Can Border Collies sense cats are family members?
- Through slow, positively reinforced exposure and training, Border Collies can come to view household cats as fellow cooperative family members rather than “prey” quarry. But the strong chase instincts bred into the breed means this happy coexistence requires time, training consistency, and structured management.
Do border collies get along with cats? The Takeaway: Peaceful Coexistence Takes Patience
While challenging due to high prey drive, Border Collies and cats absolutely can learn to peacefully and safely coexist through proper introductions, training, and structured management. Tapping into their intelligence helps Border Collies view cats as friends rather than pursuit objects.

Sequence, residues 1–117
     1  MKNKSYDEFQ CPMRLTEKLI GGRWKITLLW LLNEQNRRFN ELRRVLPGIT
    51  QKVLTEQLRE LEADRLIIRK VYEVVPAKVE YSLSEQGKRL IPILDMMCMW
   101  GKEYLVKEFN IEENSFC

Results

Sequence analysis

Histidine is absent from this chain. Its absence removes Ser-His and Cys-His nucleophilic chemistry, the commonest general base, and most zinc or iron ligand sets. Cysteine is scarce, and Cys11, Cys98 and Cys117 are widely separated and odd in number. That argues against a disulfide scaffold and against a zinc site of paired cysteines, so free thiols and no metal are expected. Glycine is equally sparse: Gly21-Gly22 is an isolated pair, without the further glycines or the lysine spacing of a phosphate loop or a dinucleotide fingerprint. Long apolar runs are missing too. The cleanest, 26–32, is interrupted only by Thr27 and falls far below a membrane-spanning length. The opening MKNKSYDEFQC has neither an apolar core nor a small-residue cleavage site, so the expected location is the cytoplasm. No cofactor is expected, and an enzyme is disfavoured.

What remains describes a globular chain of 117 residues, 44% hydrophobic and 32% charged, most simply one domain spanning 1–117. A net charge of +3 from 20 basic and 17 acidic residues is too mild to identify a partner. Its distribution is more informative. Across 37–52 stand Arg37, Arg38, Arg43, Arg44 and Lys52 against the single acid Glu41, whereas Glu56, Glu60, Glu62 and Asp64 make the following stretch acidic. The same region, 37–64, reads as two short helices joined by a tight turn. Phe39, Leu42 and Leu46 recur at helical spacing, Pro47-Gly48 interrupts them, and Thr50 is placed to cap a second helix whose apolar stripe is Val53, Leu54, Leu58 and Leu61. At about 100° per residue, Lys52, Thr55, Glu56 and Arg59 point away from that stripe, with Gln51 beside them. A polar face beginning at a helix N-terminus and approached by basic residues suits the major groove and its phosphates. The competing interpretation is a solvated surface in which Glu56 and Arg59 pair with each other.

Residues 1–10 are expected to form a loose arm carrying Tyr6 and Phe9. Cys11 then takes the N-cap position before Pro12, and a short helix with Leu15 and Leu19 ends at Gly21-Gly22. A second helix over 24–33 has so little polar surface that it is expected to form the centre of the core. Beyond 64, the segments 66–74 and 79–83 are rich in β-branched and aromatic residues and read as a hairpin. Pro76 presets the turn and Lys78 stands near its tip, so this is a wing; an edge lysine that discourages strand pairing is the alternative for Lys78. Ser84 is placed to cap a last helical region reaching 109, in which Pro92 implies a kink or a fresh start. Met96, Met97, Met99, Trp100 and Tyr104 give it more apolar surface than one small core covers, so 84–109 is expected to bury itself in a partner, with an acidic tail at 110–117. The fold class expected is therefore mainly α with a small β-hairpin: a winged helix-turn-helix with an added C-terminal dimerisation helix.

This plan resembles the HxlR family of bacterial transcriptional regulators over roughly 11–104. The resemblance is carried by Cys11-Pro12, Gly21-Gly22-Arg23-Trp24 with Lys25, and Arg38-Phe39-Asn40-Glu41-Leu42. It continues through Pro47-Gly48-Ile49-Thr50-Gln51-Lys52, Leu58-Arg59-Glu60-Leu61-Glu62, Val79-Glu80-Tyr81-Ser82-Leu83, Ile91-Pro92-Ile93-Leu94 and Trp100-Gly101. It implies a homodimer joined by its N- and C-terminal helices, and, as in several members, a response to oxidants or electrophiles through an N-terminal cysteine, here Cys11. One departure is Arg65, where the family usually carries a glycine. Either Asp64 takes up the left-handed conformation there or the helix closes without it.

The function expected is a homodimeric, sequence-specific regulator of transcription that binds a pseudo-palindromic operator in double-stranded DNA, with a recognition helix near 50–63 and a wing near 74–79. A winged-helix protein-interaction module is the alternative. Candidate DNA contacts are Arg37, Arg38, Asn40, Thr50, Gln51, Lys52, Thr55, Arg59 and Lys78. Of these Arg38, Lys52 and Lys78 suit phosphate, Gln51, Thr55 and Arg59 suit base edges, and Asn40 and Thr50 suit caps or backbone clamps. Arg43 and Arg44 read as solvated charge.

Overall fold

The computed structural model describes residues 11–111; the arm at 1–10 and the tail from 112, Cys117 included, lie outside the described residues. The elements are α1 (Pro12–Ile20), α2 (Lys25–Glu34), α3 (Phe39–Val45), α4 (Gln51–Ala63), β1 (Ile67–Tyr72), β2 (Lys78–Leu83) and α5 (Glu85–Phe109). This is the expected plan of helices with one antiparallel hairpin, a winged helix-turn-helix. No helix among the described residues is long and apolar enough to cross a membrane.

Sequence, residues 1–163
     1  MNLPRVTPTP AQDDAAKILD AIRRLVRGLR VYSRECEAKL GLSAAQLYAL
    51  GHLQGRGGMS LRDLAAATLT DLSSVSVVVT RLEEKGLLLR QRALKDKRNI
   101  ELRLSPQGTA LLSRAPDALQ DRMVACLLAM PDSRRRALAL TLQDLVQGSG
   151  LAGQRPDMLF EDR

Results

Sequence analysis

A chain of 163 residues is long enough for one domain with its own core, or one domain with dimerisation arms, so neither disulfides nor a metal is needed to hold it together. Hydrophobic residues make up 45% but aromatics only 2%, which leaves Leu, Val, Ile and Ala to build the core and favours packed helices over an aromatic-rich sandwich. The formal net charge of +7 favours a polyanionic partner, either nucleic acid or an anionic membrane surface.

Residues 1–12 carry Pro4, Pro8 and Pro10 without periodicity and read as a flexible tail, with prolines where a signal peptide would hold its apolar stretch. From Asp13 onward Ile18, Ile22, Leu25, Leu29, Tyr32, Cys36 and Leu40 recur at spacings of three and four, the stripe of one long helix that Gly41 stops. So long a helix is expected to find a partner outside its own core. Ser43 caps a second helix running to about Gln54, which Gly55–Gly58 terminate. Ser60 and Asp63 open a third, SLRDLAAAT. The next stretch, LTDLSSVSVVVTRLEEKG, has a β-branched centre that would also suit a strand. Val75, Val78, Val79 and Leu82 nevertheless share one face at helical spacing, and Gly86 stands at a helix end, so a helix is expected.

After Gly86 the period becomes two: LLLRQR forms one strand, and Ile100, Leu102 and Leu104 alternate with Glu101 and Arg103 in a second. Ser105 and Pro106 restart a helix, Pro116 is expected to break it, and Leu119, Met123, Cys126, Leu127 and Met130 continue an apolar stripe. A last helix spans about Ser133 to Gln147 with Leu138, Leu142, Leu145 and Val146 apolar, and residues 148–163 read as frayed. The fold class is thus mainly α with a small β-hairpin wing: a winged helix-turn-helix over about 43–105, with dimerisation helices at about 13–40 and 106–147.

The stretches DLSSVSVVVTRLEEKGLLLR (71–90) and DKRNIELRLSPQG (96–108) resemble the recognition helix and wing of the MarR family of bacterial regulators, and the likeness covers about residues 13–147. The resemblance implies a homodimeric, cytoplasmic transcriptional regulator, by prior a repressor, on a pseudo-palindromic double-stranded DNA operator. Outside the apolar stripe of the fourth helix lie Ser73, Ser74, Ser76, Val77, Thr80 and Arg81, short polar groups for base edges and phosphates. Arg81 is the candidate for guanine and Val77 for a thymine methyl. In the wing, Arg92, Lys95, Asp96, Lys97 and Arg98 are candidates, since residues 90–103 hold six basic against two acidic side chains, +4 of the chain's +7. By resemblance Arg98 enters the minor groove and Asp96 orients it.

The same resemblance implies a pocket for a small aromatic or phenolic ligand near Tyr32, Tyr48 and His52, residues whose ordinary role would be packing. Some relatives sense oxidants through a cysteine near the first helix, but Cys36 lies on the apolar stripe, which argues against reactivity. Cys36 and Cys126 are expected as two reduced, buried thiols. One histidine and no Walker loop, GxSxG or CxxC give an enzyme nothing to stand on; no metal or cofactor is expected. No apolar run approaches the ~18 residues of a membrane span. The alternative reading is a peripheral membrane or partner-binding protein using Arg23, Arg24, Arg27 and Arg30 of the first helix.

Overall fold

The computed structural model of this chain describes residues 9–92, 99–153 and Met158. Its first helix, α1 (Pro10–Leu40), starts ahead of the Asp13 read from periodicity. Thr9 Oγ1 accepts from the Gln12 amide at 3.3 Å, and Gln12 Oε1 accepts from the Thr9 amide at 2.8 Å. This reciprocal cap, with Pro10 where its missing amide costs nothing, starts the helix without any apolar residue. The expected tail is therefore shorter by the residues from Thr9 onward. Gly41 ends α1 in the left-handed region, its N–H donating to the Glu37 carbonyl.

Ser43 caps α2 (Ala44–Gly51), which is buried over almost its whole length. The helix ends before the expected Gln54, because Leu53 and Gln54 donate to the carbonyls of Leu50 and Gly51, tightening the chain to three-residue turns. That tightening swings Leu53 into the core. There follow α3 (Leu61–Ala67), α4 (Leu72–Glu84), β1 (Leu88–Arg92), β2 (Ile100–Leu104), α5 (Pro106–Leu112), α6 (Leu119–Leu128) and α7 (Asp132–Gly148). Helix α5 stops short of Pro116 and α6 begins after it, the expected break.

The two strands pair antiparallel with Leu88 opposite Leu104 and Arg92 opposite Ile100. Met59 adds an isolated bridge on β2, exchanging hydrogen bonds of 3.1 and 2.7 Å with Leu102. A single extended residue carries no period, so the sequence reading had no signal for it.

With a commitment to constant supervision, humane training methods, plenty of exercise, and slow acclimation, even predatory Border Collies can become trustworthy around even dainty kitties. Pay attention to body language, go at their pace, provide secure retreats, use control tools, and reward only calmness.
If you invest the time and dedication required, even a high energy Border Collie and a skittish feline can eventually relax in each other’s company. Consistency and patience are key. With wisdom and work, harmonious multi-species homes are entirely possible!